The Diva Chronicles 43-1.2

CHAPTER 43 Section 1.2

Accept the Past, Embrace the Future & Live in the Present



For the last 30 years of my life accepting who I am has been a challenge and a bitter fight. However how could I accept who I was when I did not know who I was?

For the last five years I have been on this journey to accept my past. No matter how horrific, uncomfortable or unpleasant it has been. My past is my foundation it is what gave me strength, taught me lessons and gave me a sense of what I needed to do in my future.

For the time I could remember I was beaten by my mother and because I would try to always protect my baby brother, I got the brunt of the abuse. We would have some goods days but for me the bad outweighed the good. My mother was a drug addict and her drug of choice was Heroin.  She had her ups and downs, you become numb to the roller coaster. But one day that all changed for the worse. My mother was coming down hard of her latest high and this day she did not have any money to pay her dealer for her next high, and on that day I became her currency. The dealers and the pimps did not care that I was a child, they all were getting what they wanted and more and my mother did not have the capacity to care because to alleviate and obliterate her pain she placed me in pain. On that day I learned that women cannot be trusted and sex was just a means to an end, I was 5 years old.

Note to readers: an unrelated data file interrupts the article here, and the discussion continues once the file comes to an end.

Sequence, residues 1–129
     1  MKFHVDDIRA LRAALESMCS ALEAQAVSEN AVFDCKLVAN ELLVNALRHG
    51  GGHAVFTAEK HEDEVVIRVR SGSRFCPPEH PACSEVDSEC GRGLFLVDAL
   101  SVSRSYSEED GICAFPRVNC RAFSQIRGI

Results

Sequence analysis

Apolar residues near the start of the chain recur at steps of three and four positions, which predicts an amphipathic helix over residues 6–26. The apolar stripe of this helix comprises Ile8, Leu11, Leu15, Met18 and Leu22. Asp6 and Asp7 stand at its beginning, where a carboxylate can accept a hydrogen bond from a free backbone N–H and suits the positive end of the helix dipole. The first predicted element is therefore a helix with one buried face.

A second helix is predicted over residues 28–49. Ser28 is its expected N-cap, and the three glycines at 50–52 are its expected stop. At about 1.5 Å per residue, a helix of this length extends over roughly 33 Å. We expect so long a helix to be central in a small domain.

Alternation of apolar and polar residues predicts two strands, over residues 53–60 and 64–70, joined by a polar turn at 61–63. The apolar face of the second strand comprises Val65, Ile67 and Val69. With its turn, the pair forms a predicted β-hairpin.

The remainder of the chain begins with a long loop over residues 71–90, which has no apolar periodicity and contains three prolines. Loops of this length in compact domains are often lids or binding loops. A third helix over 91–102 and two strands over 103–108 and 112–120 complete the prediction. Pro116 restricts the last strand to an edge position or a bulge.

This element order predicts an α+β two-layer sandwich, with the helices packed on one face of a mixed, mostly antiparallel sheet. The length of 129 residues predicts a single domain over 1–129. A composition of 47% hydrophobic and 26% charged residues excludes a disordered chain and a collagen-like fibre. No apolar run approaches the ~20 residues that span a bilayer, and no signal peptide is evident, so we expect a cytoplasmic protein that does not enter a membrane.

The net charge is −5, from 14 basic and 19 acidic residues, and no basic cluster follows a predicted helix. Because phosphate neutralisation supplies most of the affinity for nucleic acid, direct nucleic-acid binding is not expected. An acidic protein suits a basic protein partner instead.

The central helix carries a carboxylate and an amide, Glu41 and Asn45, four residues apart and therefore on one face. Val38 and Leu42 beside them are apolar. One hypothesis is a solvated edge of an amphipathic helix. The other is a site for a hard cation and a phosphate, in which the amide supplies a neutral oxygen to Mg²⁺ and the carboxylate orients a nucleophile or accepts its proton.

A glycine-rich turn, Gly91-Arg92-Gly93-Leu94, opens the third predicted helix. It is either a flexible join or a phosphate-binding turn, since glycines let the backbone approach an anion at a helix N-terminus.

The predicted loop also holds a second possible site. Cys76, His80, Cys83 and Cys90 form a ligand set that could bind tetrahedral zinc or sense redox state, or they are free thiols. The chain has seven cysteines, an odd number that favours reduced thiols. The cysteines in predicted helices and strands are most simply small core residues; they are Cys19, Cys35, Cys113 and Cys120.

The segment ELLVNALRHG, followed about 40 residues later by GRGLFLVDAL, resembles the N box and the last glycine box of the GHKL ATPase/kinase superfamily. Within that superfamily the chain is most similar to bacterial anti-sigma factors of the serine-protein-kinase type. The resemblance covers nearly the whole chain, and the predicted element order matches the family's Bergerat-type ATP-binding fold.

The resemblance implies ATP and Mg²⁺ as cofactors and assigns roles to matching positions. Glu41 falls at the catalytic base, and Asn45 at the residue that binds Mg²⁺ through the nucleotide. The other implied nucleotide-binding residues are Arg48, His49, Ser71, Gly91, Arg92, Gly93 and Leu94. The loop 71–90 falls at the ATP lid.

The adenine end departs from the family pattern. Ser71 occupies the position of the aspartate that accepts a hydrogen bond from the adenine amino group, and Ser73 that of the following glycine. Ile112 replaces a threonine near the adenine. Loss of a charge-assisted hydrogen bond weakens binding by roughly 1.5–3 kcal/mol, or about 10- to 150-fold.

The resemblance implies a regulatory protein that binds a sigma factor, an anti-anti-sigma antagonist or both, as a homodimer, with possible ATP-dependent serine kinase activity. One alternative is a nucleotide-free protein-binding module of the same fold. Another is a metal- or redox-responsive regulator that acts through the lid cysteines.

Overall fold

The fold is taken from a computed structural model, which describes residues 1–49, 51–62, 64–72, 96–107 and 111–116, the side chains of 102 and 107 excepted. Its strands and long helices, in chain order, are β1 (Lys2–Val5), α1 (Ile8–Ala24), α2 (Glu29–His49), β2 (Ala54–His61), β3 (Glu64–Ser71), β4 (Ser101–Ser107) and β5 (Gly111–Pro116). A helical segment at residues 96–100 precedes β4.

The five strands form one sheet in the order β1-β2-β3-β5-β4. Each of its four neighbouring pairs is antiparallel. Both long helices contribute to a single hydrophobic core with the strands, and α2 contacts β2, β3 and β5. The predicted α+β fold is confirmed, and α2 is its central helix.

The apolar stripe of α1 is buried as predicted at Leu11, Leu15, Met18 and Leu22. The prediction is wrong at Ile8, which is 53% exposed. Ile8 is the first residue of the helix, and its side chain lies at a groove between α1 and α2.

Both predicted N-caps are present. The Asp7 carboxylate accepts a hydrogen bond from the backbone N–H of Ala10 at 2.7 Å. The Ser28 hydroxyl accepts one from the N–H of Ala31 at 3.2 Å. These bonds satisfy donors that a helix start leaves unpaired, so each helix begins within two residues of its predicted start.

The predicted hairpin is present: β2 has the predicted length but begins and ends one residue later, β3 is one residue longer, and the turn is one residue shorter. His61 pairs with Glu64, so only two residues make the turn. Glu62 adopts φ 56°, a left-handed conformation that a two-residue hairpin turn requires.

The beatings continued and being abused sexually by people whose house’s we stayed at, abuse was so engrained in my being that is was normal and when I would visit my grandmother and no one bothered me I thought that they were strange and weird, not understanding that I was never supposed to be exposed to what I had been exposed to at such a young age.

I remember the last beating from my mother like it was yesterday, she was coming down off a major high, she had no money and this particular dealer made it very clear he was not going to touch me because that is not how be rolled. He left and all her rage was directed at me. She finally passed out on the bed and I told my brother, not to come from behind that partition. Only do so if I came and got him or the police, he was crying and I was black and blue, I had no more tears left and I no longer cared, this was the last time she was going to hit me.  I found her machete, sat on her chest and waited hours for her to wake up, and when she did, I pressed as hard as I could but it would not cut her, and when it did not cut her I warned her that if she ever hit us again I would kill her.

Later that day she dropped up off at a friend’s house and that was the last time I saw her alive, the year was 1983 and I was 8 years old.

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